In Retrospect. The reality is that ‘Wildflowers’ was made in a state of emotional turbulence. Share this
This newly unearthed chronicle of the making of the American singer-songwriter’s favourite album is a gift for fans.Tom Petty has always seemed to imbue the sound of Central America in the sort of way a Wrigley’s chewing gum ad or a pair of Levi’s 501s might conjure images of stars and stripes. Because you have to connect with your soul,” the man himself confides over grainy tour bus visuals. Studio time with Petty for his favourite and fastest-selling album, enhanced by survivor accounts. As you might expect, it is the studio footage that is the most visceral here. With thoughts of a second solo album brewing, he enlisted his long time filmographer Martyn Atkins to chart the ride. His second musical decade was kick-started by participation in country rock supergroup the Traveling Wilburys alongside Bob Dylan, George Harrison, Roy Orbison, and Jeff Lynne. Unlike the Boss, however, Petty chose early on in his career to steer down bold collaborative highways that extended beyond his primary backers, the Heartbreakers. Even if his conscious mind refused to accept it, the lyric sheets to ‘Crawling Back to You’, ‘Don’t Fade on Me’, ‘Only a Broken Heart’ and more bear testament to this sad truth. Cleaves close to a VH1 style, but a must for fans. In retrospect, the album plays like Blood on the Tracks before the decree nisi was drafted, let alone its ink dried. But that is no slight on this fan-pleasing, visual and audio ramble through Tom Petty’s ‘Wildflowers’. The tracks telegraphed deteriorating marital relations with wife Jane Benyo. Away from the performances, a grey-haired Rubin – trademark beard in place – recounts how he managed to persuade Petty to ditch Jeff Lynne and have him on knob twiddling duties instead. By the time 1993 rolled into view, the Traveling Wilburys had receded to the rear-view mirror and Petty had resumed life in ‘…and the Heartbreakers’ mode, but the songwriter was itching to free himself of the democratic pressures of group life once more. Tom Petty, Somewhere You Feel Free: The Making of Wildflowers is in cinemas 20 October for a one-night global celebration via Trafalgar Releasing. The album would become ‘Wildflowers’ and, until early 2020, the 16mm film shot by Atkins between 1993 and 1995 lay dormant, gathering dust. “At this time in my life, I feel much more comfortable being myself… I think I’m a soul singer. Petty and Benyo’s daughter, Adria, also provides illuminating titbits, such as how Eddie Vedder and Kurt Cobain were viewed as kindred spirits by the then 40-year-old rocker. Enjoyment. Wharton cut her teeth on VH1 Legends and it shows, as this feels not dissimilar to the VH1 Classic Album/Behind the Music documentaries of yesteryear. This documentary functions as a neat companion for admirers of the original release, but it’s a perfect fit for the expanded ‘Wildflowers & All the Rest’, a collection released in 2020 that showcased ‘Wildflowers’ as Petty (and Rubin) originally intended: a double album. Between these two bookends, Petty still found time to squeeze in a smash hit debut solo album, ‘Full Moon Fever’, featuring signature tunes ‘Free Fallin’’, ‘I Won’t Back Down’ and ‘Runnin’ Down a Dream’. Its discovery is a gift beyond the grave for fans of the dearly departed Petty, who passed away in 2017 from mixed drug toxicity arising from prescribed medication. With the help of Heartbreakers Mike Campbell, Benmont Tench, Steve Ferrone and producer Rick Rubin, present-day recollections offer a supplement to the archive footage and Wharton ensures Petty’s voice and voiceover takes centre stage. Early on, Petty is shown with Telecaster-in-tow etching out a tentative, uncertain ‘Climb That Hill’. The unearthed material forms the base for Mary Wharton’s arresting album documentary, Tom Petty, Somewhere You Feel Free: The Making of Wildflowers. The superstar collective burned intensely for a brief period, making two albums in quick succession in 1988 and 1990. It might seem an obvious thing to say of the author of ‘American Girl’, but something in the fabric of his music signposts its geographical origins in a way only a few others share – perhaps Bruce Springsteen being one of them – in the classic rock canon. Tom Petty, Somewhere You Feel Free: The Making of Wildflowers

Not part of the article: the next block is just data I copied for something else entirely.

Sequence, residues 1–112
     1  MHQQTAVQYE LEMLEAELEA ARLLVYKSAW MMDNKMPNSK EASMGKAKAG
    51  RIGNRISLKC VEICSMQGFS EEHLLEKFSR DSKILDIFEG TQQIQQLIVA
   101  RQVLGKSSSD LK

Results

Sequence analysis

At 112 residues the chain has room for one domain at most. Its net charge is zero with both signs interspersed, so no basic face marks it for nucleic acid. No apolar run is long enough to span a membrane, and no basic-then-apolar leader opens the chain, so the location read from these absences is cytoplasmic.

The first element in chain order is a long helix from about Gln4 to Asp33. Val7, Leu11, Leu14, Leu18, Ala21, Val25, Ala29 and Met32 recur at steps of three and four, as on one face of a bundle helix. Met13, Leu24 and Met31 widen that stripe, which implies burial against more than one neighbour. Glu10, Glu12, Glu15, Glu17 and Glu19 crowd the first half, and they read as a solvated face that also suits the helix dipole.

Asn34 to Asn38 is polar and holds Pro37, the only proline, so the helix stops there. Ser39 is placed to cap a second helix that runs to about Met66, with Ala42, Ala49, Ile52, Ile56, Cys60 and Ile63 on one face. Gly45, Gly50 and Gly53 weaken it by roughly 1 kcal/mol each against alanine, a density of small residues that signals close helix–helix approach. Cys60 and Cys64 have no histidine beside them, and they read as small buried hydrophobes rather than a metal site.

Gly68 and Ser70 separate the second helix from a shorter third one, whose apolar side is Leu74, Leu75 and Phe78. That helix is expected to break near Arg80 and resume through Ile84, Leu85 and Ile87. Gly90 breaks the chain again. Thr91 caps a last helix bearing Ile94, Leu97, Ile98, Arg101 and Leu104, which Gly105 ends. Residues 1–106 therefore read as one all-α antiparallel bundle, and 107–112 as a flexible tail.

Review by Greg Wetherall
Anticipation. Irrespective of location, however, we’re all poorer without him. Found footage of the most precious kind. For more info visit tompettyfilm.com
Published 20 Oct 2021
Share this It’s a pre-break up, break up album. It’s a film that simply enhances the feeling that America has been prematurely deprived of one of its finest musical ambassadors. Later, a more complete band version peels off the screen and speakers, scorching it’s dog-eared, woozy blues with steely-eyed intent. Petty himself is a delight too — full of warmth, wry humour, and, rather obviously, talent to spare.